Friday, 26 February 2016

They spin me right round, baby, right round



I suppose if this blog were to adopt an MP as our patron saint it would have to be Andrew Bridgen. 

He's by far the most prolific, high-profile complainer about BBC bias in parliament. 

If there's an article in the Telegraph or the Mail featuring MPs complaining about BBC bias Mr Bridgen is bound to be among them.

And I salute him for that.

The Telegraph reports today that Andrew Bridgen has now written to the BBC complaining that Newsnight and Today are "biassed (sic) towards the EU":
In the run up to the EU council, pro-EU voices heavily outweighed sceptical voices on Newsnight (which on two out of five nights in the week of the council was Nigel Farage). 
Meanwhile Today continues to give greater prominence to pro-EU guests. The 6.15[am] business slot in particular has become an opportunity for a business leader to quickly claim that we must remain in the EU with little to no scrutiny behind the arguments for this. 
Eurosceptic business leaders meanwhile are impugned for wanting to leave for either reducing workers’ rights or dodging the bonus cap.
You may have heard more of the BBC than me this week. Is this true about Today

I will obviously have to investigate.

As for Newsnight, I will admit to being puzzled. I get the bet about...
In the run up to the EU council, pro-EU voices heavily outweighed sceptical voices on Newsnight 
but I don't understand how the following bit in parentheses is meant to reinforce that point: 
(which on two out of five nights in the week of the council was Nigel Farage).
...especially as my own survey of that week's Newsnight shows only one interview with Nigel Farage (though there may have been a brief clip of him in one of the week's reports).

How does Nigel Farage (allegedly) being on twice 'prove' that the BBC has a pro-EU bias?

My survey also shows (in the four days prior to the deal) a (roughly-speaking) 7:5 pro-Remain ratio. 

That's a slight pro-Remain bias, but does it justify the words "heavily outweighed sceptical voices"?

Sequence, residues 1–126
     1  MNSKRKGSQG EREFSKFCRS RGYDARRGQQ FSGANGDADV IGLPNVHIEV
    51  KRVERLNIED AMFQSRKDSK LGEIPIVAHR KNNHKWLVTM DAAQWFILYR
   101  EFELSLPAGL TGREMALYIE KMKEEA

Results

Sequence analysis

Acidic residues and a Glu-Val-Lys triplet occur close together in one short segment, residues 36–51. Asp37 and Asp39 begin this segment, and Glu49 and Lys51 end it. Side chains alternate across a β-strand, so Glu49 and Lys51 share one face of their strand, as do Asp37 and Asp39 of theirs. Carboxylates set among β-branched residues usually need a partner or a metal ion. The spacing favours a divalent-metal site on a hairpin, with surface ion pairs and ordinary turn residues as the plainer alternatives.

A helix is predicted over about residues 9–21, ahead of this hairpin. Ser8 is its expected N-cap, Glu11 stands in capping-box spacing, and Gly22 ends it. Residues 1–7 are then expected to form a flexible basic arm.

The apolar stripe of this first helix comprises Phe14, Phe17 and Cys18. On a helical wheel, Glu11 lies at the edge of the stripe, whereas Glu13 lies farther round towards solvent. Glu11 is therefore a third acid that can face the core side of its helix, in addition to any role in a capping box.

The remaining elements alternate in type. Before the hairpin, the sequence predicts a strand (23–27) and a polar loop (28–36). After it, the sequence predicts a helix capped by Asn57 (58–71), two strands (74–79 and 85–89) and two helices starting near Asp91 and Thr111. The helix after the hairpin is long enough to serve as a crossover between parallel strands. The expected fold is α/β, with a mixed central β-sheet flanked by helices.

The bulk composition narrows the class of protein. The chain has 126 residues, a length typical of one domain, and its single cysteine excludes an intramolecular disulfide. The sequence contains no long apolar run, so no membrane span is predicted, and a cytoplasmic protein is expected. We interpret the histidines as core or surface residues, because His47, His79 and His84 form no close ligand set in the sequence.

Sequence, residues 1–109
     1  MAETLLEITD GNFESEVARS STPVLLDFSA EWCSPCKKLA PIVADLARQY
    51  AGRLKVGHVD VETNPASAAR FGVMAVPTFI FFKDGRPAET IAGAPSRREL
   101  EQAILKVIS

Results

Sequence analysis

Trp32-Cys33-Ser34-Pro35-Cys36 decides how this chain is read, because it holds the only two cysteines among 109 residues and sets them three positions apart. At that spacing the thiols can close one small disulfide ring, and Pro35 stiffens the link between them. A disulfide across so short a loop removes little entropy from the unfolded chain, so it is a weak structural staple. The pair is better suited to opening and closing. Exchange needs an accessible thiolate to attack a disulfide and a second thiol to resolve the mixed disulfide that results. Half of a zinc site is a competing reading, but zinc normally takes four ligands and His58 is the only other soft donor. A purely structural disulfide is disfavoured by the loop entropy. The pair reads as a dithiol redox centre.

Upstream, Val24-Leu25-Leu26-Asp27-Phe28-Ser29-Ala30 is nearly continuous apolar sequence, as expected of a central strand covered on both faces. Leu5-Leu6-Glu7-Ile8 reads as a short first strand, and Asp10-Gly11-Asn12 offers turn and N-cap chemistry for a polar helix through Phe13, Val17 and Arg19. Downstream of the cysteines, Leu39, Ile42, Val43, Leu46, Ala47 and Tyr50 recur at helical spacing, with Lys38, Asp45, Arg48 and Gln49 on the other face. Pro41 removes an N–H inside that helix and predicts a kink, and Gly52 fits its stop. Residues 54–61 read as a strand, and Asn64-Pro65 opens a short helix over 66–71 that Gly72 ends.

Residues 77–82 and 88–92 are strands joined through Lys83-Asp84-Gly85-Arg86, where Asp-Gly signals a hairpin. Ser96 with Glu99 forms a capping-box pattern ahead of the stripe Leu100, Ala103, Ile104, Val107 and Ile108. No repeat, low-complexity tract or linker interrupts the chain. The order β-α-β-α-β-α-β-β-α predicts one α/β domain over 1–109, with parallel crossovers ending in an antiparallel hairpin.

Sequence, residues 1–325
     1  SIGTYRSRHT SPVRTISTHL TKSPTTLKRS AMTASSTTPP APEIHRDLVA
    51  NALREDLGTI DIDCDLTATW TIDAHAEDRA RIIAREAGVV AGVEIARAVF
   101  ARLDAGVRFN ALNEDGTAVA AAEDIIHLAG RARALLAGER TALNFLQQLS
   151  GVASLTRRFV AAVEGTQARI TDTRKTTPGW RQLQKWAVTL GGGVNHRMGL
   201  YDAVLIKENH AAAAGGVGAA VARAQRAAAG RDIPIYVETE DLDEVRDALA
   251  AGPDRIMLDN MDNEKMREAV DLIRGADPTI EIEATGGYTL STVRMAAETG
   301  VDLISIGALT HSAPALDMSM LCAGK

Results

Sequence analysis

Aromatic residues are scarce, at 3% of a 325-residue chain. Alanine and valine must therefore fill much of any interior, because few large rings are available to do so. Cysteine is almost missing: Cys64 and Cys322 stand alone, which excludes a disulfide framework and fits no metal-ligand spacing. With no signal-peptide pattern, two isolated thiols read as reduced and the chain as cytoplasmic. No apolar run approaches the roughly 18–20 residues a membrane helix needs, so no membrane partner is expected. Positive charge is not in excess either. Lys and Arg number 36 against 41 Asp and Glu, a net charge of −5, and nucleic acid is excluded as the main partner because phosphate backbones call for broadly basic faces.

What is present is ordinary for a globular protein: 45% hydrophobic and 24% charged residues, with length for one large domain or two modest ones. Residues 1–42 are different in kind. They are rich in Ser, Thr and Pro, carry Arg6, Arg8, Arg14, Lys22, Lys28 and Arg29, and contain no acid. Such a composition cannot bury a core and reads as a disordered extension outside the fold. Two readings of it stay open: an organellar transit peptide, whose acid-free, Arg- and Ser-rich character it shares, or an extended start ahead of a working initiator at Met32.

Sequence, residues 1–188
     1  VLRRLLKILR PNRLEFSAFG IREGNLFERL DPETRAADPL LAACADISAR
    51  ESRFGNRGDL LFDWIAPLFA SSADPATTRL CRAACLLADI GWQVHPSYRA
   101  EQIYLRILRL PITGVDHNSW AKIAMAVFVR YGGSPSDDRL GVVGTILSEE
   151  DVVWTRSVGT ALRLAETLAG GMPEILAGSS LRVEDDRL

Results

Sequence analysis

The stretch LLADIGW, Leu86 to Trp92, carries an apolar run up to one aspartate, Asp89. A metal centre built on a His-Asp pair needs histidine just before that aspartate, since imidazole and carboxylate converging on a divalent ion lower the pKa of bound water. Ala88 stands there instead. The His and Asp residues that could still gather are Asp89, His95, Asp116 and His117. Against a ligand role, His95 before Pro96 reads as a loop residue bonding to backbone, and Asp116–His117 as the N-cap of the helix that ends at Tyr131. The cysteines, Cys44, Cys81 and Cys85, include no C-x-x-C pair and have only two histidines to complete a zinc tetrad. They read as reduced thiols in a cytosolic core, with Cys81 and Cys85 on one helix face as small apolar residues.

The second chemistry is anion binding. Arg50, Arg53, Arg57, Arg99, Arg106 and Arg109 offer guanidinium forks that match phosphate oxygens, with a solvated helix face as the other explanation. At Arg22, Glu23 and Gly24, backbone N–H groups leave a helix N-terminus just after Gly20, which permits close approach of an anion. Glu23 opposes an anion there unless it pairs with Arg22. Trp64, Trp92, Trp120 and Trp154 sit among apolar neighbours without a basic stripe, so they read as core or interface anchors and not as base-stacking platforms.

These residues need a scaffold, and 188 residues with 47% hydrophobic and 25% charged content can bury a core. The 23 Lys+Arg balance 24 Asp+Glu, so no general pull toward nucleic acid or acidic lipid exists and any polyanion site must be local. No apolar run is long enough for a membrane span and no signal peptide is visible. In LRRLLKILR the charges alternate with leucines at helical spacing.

I don't like being spun to by any side. Am I being spun to here?

2 comments:

  1. Re: Farage's appearances and whether or not that's a sign of pro-EU BBC bias:

    Consider how he's treated. We can think of more than one instance where you wouldn't say his mere appearance was a sign of anti-EU BBC bias, right?

    I need to look up Andrew Bridgen. I admit I'm not up to speed here.

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  2. There is something in this. Call me paranoid but I've noticed a tendency on Newsnight to interview pro-EU types in authoritative settings e.g. an office, sat in an executive chair or via a studio link, whereas the anti-EU spokepersons like Nigel Farage and Melanie Phillips have been interviewed in the street for some reason - like vox pops, thus diminishing their authority.

    These tricks may be deliberate or unconscious. Then there is the strange fact that Farage has been cut off mid sentence at least three times on various channels. Unofficial action by audio engineers, who no doubt all talk to each other. I can't think of it happening once to any other party leader (it must have but three times in a few months IS suspicious, just as is a ballot box going missing for six hours on election night). I'm not a UKIP member BTW, or a member of any other party.

    Today the minority demo by CND got the full luvvie treatment on Today - softball interviews with the demonstrators about to set off...just allowed to state their views without challenge for about 5 minutes! Did Today do that with any other non left wing minority demo - say by Pegida? No.

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